Use Porter’s five-forces model to do a competitive analysis of the airline industry.?4 years ago - 1 answers
Strategy consultants occasionally use Porter's five forces framework when making a qualitative evaluation of a firm's strategic position. However, for most consultants, the framework is only a starting point or "checklist" they might use. Like all general frameworks, an analysis that uses it to the exclusion of specifics about a particular situation is considered naive.
Porter's five force include three forces from 'horizontal' competition: threat of substitute products, the threat of established rivals, and the threat of new entrants; and two forces from 'vertical' competition: the bargaining power of suppliers and the bargaining power of customers.
According to Porter, the five forces model should be used at the industry level; it is not designed to be used at the industry group or industry sector level. An industry is defined at a lower, more basic level: a market in which similar or closely related products and/or services are sold to buyers. A firm that competes in a single industry should develop, at a minimum, one five forces analysis for its industry. Porter makes clear that for diversified companies, the first fundamental issue in corporate strategy is the selection of industries (lines of business) in which the company should compete; and each line of business should develop its own, industry-specific, five forces analysis. The average Global 1,000 company competes in approximately 52 industries (lines of business).
This five forces analysis is just one part of the complete Porter strategic models.
•1 The Five Forces
oThe threat of substitute products
oThe threat of the entry of new competitors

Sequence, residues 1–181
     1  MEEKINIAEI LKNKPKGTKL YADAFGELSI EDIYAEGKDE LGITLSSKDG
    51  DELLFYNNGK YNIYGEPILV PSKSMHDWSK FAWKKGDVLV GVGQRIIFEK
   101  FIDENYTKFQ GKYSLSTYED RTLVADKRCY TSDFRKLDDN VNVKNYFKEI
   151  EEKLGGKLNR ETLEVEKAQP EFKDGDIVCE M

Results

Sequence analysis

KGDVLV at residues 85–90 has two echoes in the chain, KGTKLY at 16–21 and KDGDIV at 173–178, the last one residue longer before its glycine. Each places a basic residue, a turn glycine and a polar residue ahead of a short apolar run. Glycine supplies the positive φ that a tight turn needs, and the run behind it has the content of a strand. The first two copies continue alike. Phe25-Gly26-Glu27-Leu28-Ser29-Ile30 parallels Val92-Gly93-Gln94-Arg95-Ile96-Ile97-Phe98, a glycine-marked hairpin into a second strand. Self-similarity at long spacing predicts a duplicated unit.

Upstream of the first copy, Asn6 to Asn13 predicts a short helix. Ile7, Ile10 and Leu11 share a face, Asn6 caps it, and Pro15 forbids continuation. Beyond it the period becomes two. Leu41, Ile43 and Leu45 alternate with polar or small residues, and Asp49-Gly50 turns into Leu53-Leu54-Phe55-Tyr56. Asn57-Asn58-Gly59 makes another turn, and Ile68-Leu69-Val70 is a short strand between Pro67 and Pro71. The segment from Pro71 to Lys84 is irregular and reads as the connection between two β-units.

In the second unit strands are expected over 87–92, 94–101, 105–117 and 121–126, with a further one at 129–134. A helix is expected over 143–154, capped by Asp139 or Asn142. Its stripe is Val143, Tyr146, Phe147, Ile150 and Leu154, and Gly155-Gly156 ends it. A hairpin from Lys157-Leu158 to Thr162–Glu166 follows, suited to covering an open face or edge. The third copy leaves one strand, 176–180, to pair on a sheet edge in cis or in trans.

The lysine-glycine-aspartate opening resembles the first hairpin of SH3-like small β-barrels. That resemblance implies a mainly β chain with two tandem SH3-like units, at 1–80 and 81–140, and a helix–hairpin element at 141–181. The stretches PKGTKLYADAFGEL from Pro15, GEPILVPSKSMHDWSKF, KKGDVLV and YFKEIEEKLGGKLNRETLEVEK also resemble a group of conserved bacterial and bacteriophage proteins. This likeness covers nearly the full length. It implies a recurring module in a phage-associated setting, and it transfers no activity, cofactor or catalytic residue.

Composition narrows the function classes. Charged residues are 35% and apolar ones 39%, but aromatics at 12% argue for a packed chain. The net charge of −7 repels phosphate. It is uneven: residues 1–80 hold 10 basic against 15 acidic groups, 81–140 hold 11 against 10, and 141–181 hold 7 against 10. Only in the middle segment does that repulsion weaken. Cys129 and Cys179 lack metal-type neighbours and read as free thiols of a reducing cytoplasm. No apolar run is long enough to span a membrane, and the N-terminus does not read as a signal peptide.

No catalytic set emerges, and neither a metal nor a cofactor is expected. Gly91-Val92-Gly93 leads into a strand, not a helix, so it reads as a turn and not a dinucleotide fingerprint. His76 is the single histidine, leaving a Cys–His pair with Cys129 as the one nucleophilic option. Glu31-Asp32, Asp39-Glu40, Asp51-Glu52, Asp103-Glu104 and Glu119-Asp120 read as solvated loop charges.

oThe intensity of competitive rivalry
oThe bargaining power of customers
oThe bargaining power of suppliers
•2 Criticisms of the 5 Forces model
•3 See also
The Five Forces
The threat of substitute products
The existence of products outside of the realm of the common product boundaries increases the propensity of customers to switch to alternatives:
•Buyer propensity to substitute
•Relative price performance of substitutes
•Buyer switching costs
•Perceived level of product differentiation
The threat of the entry of new competitors
Profitable markets that yield high returns will draw firms. This results in many new entrants, which will effectively decrease profitability. Unless the entry of new firms can be blocked by incumbents, the profit rate will fall towards a competitive level (perfect competition).
•The existence of barriers to entry (patents, rights, etc.)
•Economies of product differences
•Switching costs or sunk costs
•Access to distribution
•Customer loyalty to established brands
•Absolute cost advantages
•Learning curve advantages
•Expected retaliation by incumbents
The intensity of competitive rivalry
For most industries, the intensity of competitive rivalry is the major determinant of the competitiveness of the industry.
•Sustainable competitive advantage through improvisation
The bargaining power of customers
The bargaining power of customers is also described as the market of outputs: the ability of customers to put the firm under pressure, which also affects the customer's sensitivity to price changes.
•Buyer concentration to firm concentration ratio
•Degree of dependency upon existing channels of distribution
•Bargaining leverage, particularly in industries with high fixed costs
•Buyer switching costs relative to firm switching costs
•Buyer information availability
•Ability to backward integrate
•Availability of existing substitute products
•Buyer price sensitivity
•Differential advantage (uniqueness) of industry products
The bargaining power of suppliers
The bargaining power of suppliers is also described as the market of inputs. Suppliers of raw materials, components, labor, and services (such as expertise) to the firm can be a source of power over the firm. Suppliers may refuse to work with the firm, or, e.g., charge excessively high prices for unique resources.
•Supplier switching costs relative to firm switching costs
•Degree of differentiation of inputs
•Presence of substitute inputs
•Supplier concentration to firm concentration ratio
•Employee solidarity (e.g., labor unions)
Criticisms of the 5 Forces model
Porter's framework has been challenged by other academics and strategists such as Stewart Neill. Similarly, the likes of Kevin P. Coyne and Some Subramanian have stated that three dubious assumptions underlie the five forces:
•That buyers, competitors, and suppliers are unrelated and do not interact and collude.
•That the source of value is structural advantage (creating barriers to entry).
•That uncertainty is low, allowing participants in a market to plan for and respond to competitive behavior.
An important extension t